BARGARA is booming with residential development as a Bargara man looks to fill the land across from Bargara Central Shopping Centre.
Bill Hazenberg is the owner of the Bargara Rd land and wants to subdivide his five acres into 32 residential lots.
The application is currently before the Bundaberg Regional Council and follows a recently approved residential subdivision on Moodies Rd for 181 lots.
Mr Hazenberg has lived in Bargara for more than 20 years and said he purchased the Bargara Rd land "a couple of years" ago with the intention to subdivide it in the future.
"Obviously it will fill up the vacant area there and offer some nice home sites for those who want to live close to all facilities," Mr Hazenberg said.
"And after all, it's not far from the ocean either so it's a win-win for anyone who wants to build there."
He said the subdivision would be different from those previously seen in Bargara.
"It will be a small-lot subdivision," Mr Hazenberg said.
The vacant lots will range from the smallest legal size of 360 to 620 square metres.
Mr Hazenberg believed there was a call for smaller lot sizes.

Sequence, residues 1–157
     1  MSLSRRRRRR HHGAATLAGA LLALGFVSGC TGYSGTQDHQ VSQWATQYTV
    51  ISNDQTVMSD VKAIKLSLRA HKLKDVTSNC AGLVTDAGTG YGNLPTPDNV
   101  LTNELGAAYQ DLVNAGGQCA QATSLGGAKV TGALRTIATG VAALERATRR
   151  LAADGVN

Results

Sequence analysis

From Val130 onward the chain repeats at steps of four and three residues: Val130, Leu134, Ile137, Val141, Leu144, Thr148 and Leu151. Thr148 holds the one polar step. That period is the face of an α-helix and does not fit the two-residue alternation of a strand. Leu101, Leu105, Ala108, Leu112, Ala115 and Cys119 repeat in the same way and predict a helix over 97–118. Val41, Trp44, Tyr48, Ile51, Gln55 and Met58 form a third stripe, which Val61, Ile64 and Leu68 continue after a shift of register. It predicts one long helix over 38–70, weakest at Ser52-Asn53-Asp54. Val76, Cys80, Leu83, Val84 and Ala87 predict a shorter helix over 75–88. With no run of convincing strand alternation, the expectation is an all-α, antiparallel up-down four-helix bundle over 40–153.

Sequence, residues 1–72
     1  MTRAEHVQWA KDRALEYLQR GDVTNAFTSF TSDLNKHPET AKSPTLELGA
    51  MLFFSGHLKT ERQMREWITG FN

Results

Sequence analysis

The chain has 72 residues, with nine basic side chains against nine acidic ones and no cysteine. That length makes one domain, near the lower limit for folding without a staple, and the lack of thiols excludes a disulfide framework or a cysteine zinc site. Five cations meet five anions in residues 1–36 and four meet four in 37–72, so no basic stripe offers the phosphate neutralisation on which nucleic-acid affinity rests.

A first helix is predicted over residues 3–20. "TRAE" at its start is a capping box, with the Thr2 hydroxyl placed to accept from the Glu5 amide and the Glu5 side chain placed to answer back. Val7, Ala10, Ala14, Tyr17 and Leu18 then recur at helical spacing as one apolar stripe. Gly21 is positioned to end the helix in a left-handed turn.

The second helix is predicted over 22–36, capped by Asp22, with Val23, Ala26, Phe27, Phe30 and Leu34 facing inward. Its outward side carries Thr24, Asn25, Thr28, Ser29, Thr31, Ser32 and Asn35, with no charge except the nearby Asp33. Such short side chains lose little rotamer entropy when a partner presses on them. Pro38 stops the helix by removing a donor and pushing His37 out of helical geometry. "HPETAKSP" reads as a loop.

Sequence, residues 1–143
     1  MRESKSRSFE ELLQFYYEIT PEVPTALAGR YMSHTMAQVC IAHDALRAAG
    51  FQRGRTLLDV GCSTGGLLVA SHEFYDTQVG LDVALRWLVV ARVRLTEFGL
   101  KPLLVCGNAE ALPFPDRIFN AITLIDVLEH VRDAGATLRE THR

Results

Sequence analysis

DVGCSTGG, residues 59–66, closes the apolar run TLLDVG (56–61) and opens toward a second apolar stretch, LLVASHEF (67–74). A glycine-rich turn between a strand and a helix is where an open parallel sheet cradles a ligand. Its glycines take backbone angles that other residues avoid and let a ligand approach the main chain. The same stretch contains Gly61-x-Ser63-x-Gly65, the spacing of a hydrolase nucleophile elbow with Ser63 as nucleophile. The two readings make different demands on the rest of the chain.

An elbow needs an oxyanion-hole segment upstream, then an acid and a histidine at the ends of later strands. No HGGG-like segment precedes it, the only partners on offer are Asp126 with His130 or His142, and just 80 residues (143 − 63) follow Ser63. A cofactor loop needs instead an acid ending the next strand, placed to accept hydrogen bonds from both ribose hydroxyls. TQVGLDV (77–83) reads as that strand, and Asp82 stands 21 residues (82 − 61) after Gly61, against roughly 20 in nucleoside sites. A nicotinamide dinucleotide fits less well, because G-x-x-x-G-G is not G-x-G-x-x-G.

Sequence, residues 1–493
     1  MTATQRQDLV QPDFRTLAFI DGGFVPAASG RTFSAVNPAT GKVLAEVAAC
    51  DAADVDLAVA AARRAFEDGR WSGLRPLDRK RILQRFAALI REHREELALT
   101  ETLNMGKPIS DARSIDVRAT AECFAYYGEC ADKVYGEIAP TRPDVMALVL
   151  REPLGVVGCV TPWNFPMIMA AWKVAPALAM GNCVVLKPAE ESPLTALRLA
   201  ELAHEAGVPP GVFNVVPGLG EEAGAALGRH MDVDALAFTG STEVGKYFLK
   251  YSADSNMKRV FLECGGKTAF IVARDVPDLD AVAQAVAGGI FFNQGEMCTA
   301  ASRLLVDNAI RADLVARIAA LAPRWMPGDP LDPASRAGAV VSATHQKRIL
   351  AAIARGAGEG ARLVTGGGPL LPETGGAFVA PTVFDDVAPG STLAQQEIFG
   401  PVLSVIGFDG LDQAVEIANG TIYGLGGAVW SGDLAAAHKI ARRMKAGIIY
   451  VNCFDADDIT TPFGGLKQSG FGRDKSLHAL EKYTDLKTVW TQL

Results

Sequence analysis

"There are a lot of people who have got big monstrous houses on big monstrous lots and they want to downsize," he said.
"I believe this will appeal to people."
The land backs on to the Bargara Golf Club with buggy access on many of the proposed lots.
The councils Bargara divisional representative Greg Barnes described the development as "ideally located" on the entrance to town and alongside the shopping centre.
Cr Barnes said the lot sizes were far smaller than the average and more than half the size of many in Bargara.
"My personal view is that I don't like small allotments, but I understand there's a need for them" Cr Barnes said.
Cr Barnes said as long as the smaller lots were contrasted with larger ones in future there should not be a problem.
"As along as we provide an acceptable mix," he said.
Bargara man Bernie Fogarty lives in the house on the corner of the development site and described the development as "a great idea".
He said if the land was turned residential or commercial it was a "win-win" for the community.
"If it goes commercial, it's only going to create more jobs," Mr Fogarty said.
"If it goes residential, it's only going to make the building industry better."
But Mr Fogarty admitted that as he lives right beside the development he was happy to see it was going to be residential over commercial.
In terms of his new neighbours, Mr Fogarty said he wasn't worried.
"If you want privacy, you go and live on acreage," he said.
"People who live in suburbia, if they complain then they need to move out to the bush."